MSU's Yellowstone Hall Receives National Recognition As LEED ‘Gold' Building

BOZEMAN — Yellowstone Hall, Montana State University’s first freshman residence hall to be built in half a century, has earned LEED Gold certification from the U.S. Green Building Council for energy-efficient and sustainable design and construction. The building’s design means it is projected to cost significantly less per square foot to heat,...

BOZEMAN — Yellowstone Hall, Montana State University’s first freshman residence hall to be built in half a century, has earned LEED Gold certification from the U.S. Green Building Council for energy-efficient and sustainable design and construction. The  building’s design means it is projected to cost significantly less per square foot to heat, cool and light than most other residence halls on campus, according to administrators with MSU’s Facilities Services.

“Managing the operating and maintenance costs of our facilities is critical to MSU’s financial stewardship obligation to the taxpayer, our students and their families,” said Dan Stevenson, associate vice president of University Services. “The LEED certification process allows MSU to verify, through a third party, that we are designing and constructing our buildings to standards necessary to achieve that stewardship.”

Among other design features, Yellowstone Hall features beetle-kill pine wood boards throughout the building and a solar wall to pre-heat hot water and help the university lower its utility bill.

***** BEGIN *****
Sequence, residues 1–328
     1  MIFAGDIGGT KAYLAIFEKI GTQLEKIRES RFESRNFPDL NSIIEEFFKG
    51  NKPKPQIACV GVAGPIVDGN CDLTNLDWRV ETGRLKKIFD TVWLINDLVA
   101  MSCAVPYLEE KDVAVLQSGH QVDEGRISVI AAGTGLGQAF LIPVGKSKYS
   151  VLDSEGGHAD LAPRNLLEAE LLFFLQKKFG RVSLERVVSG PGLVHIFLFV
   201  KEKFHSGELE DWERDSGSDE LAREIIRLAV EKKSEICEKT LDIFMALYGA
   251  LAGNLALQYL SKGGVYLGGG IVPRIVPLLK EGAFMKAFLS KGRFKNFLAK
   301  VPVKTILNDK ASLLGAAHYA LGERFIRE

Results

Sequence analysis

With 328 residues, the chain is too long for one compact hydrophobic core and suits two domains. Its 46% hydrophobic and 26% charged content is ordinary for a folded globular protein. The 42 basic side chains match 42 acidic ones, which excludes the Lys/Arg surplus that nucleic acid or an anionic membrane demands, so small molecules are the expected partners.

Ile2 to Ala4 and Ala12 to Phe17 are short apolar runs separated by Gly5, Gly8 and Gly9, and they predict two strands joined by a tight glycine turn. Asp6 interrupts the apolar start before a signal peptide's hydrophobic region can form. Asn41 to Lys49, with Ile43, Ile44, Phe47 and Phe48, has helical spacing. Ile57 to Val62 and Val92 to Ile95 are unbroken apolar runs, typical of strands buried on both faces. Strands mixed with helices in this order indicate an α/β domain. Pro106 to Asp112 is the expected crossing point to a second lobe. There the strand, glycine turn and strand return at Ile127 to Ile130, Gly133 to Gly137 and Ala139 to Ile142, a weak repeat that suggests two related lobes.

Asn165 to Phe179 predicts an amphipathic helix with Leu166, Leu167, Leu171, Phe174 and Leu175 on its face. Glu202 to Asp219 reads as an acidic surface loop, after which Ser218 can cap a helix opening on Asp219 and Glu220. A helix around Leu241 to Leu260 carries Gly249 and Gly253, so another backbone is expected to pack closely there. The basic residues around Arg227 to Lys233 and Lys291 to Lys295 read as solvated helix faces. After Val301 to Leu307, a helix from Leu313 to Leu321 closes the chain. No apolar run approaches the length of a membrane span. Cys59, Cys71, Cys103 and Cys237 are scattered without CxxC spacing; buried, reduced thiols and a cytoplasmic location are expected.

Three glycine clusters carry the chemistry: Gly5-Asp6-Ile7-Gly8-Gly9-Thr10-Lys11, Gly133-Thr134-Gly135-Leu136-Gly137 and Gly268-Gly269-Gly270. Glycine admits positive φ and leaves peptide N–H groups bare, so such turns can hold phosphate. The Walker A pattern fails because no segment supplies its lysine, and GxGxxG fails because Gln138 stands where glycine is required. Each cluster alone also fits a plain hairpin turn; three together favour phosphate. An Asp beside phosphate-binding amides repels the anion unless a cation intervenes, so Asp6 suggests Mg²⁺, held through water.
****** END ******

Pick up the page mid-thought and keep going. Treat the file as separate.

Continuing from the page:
MSU received points on the LEED rating system for numerous performance factors and design features of Yellowstone Hall, including the following:

  • Diverting 96 percent of construction waste from the landfill.
  • Using recycled materials for nearly 12 percent of the total building materials.
  • Reducing potable water use by 42 percent in the building. Yellowstone Hall uses faucets that dispense .5 gallons of water per minute and showerheads that use 1 ½ gallons of water per minute, according to Duke Elliott, resource conservation specialist with MSU Facilities Services. Both methods use less water than traditional methods and result in significant water savings, Elliott said. In turn, those savings result in reduced costs for water and sewer and reduced energy needed to heat water. 
  • Providing covered bicycle storage facilities to encourage alternative transportation use.
  • Projected energy cost savings of more than 30 percent.
  • Using regional materials (those manufactured and extracted within 500 miles of the project site) for more than 23 percent of the total building materials.

Yellowstone Hall opened this fall to 436 incoming freshman students.

The $34.5 million project was funded by proceeds from a 2013 bond and will be repaid with MSU Auxiliary Services revenues from student housing fees, according to Tom Stump, MSU director of Auxiliary Services. No tuition or legislature-appropriated tax dollars were used for the project, Stump said.

Langlas & Associates was the general contractor and the architect was SMA Architects of Helena, with NAC Architecture serving as consultants.

Yellowstone Hall is the fifth LEED-certified building on the MSU campus. MSU’s Cooley Laboratory, which opened in October 2012 after a renovation, earned LEED Gold certification; a renovated Gaines Hall received LEED Silver in 2011; Gallatin Hall, a suite-style residence hall, received LEED Gold in 2015; and Jabs Hall, home of the MSU Jake Jabs College of Business and Entrepreneurship, earned LEED Gold in 2016.

Contact: Dan Stevenson, associate vice president of University Services, (406) 994-2001 or daniel.stevenson1@montana.edu

Related Articles

Source: www.montana.edu